Time’s Eunuch by Bob Ritzema

Time’s Eunuch by Bob Ritzema

What does it mean to be “time’s eunuch”? That phrase is found in a sonnet written by Gerard Manley Hopkins in March, 1889, just a few months before he died. The sonnet, which can be found here, was proceeded by a verse in Latin from Jeremiah. In the Douai-Rheims translation used by Catholics in Hopkins’ day (my source for this is the blog Hokku), the verse read:

“Thou indeed, O Lord, art just, if I plead with thee, but yet I will speak what is just to thee: Why doth the way of the wicked prosper: why is it well with all them that transgress, and do wickedly?” (Jer. 12:1)

 The prophet affirms the justice of God while at the same time asking how it is that evildoers do so well.  Hopkins asks the same question, but quickly personalizes the situation by comparing the success of the wicked with his own lack of accomplishment:

Why do sinners’ ways prosper? and why must
Disappointment all I endeavour end?

Hopkins’ time as a parish priest had been inauspicious, his stint at teaching a total failure. His poems had attracted little attention. Though he was only 44 years old, his health was deteriorating and it must have seemed to him that he would die having failed in all he attempted.

He turns his attention to nature, where he witnesses the lushness of plants leaving again in early spring:

See, banks and brakes
Now, leavèd how thick! lacèd they are again
With fretty chervil, look, and fresh wind shakes
Them;

Their fecundity contrasts with his own barrenness:

….birds build – but not I build; no, but strain,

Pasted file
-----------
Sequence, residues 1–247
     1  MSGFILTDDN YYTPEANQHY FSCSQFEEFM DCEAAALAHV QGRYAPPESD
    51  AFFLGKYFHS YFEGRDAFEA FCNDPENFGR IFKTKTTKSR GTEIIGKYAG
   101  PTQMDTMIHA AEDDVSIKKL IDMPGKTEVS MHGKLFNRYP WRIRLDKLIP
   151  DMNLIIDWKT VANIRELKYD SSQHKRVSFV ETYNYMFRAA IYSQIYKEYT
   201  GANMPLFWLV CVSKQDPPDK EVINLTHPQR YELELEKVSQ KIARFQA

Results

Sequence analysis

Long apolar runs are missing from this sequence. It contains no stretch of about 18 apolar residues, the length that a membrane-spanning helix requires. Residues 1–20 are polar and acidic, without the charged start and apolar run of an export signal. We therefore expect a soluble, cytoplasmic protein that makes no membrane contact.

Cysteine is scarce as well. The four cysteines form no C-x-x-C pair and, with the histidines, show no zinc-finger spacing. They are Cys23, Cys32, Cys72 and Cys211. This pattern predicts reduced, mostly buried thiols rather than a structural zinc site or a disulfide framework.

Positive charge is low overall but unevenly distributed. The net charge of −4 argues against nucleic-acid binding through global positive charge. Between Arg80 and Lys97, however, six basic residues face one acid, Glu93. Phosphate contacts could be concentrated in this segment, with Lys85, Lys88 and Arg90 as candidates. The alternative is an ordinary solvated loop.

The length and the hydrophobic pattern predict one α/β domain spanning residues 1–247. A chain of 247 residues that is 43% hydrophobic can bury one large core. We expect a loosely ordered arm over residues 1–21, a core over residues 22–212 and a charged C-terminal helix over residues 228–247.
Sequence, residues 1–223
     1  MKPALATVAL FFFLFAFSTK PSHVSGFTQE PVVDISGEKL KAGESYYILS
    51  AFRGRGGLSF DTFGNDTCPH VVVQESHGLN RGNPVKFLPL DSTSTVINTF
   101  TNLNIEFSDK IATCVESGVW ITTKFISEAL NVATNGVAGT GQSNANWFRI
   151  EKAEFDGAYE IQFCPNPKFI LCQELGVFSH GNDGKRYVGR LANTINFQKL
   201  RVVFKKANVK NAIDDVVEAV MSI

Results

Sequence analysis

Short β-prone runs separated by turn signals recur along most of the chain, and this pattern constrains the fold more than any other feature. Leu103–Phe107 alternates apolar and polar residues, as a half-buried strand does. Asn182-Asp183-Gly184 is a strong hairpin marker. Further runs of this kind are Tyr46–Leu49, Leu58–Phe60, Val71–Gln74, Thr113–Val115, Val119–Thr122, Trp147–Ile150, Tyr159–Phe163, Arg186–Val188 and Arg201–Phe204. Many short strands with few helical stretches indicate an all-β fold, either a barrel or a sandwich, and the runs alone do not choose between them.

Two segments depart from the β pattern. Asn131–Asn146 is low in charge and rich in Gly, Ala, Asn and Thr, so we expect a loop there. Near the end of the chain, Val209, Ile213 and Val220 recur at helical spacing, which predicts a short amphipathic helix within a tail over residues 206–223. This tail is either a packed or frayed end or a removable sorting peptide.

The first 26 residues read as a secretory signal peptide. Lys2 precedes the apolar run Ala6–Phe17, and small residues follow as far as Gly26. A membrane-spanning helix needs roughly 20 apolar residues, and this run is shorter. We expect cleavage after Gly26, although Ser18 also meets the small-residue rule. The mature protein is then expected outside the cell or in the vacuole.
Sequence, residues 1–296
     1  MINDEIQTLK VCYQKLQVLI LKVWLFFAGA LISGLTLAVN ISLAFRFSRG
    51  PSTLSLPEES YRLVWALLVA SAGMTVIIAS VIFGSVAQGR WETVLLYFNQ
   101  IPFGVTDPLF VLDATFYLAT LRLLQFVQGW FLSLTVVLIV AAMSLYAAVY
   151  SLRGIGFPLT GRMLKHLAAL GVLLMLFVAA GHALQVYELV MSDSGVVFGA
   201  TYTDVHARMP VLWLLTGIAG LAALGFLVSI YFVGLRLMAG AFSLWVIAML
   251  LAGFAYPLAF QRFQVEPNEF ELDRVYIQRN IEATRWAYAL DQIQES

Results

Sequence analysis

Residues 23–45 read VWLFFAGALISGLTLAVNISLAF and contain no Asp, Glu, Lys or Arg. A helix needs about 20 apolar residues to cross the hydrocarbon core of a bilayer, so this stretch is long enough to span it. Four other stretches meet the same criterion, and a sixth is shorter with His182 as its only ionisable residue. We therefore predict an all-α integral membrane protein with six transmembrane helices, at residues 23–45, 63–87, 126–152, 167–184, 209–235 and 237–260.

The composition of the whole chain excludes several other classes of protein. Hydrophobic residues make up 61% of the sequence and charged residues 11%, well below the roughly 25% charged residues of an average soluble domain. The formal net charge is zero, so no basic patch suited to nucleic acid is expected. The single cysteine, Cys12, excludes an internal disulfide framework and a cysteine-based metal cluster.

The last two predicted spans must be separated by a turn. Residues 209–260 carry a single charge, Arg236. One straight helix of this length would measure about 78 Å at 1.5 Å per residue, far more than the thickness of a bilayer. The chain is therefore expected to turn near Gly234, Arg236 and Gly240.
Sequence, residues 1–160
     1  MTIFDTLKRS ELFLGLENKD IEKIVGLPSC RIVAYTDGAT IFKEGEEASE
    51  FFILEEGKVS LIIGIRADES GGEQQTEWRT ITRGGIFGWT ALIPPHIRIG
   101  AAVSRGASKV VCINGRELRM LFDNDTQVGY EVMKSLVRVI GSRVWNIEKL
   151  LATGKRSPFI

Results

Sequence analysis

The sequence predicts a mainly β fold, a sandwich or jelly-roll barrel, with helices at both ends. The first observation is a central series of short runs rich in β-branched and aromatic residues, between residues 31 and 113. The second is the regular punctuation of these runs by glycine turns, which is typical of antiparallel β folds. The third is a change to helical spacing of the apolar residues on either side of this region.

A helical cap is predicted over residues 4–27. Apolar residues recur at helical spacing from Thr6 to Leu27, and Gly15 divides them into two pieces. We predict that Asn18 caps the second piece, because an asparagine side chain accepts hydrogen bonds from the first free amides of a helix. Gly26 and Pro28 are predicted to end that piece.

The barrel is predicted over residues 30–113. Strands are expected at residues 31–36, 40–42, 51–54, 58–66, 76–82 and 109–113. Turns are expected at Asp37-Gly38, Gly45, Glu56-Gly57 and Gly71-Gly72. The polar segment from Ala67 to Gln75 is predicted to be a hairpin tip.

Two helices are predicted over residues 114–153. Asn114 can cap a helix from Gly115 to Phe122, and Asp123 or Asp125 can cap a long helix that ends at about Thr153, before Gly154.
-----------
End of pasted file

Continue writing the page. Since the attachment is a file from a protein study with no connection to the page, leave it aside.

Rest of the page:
Time’s eunuch, and not breed one work that wakes.
Mine, O thou lord of life, send my roots rain.

In contrast to the trees and bushes showing life again after hibernating, Hopkins’ evaluation of his own life’s work is harsh. None of it shows signs of having survived the winter. I imagine his time of winter could either have been the experience of despair he had been through (see his sonnets of desolation) or his own anticipated death.

What, though, does Hopkins mean by calling himself “time’s eunuch”? According to Merriam-Webster, a eunuch is “a castrated man placed in charge of a harem or employed as a chamberlain in a palace” Hopkins was not of course a eunuch in this sense, but he may have had in mind one of the secondary definitions–“one that lacks virility or power.” Perhaps he is referring to his vows as a Jesuit priest; by committing himself to lifelong celibacy, he was eschewing reproductive virility or power. But if it is the priesthood that he means, why not say “God’s eunuch” rather than “Time’s eunuch”? In what way did time make a eunuch of him?

Perhaps time makes eunuchs of all of us. Virility and power aren’t lifelong possessions, and, as we age, they are likely to ebb. There are those among us–mostly alpha males–who boast of having retained potency even while the rest of us have yielded to time’s demands. Thus, we have geriatric body-builders, ads touting the miraculous powers of various supplements, and executives who hold onto control well into their 90s. Those who fight loss tooth-and-nail may look as if they are exemplars of aging successfully. This is a battle they are bound to lose eventually, though, and the continued unwillingness to accept this reality eventually looks rather pathetic. Better to delay time’s encroachments with modest efforts but at the same time be cognizant of where the road we are on will eventually lead.

Ray Moon, an 86-year-old bodybuilder. Fighting time.

Hopkins was not one to deny the decline that accompanies age. To the contrary, he seems to have been too pessimistic and despairing about his capacities. His late poems, including this one, show the continuing vitality of his creative intellect. Somewhere between denial and despair, there is a middle ground characterized by satisfaction with one’s life to date and acceptance of what lies ahead. That is something we all should seek. Perhaps the poem’s last line is a request that he reach that place of contentment:

Mine, O thou lord of life, send my roots rain.

If Hopkins was asking for such peace of mind, his request may have been granted. His last words were reportedly:

“I am so happy. I am so happy. I loved my life.”

By Bob Ritzema

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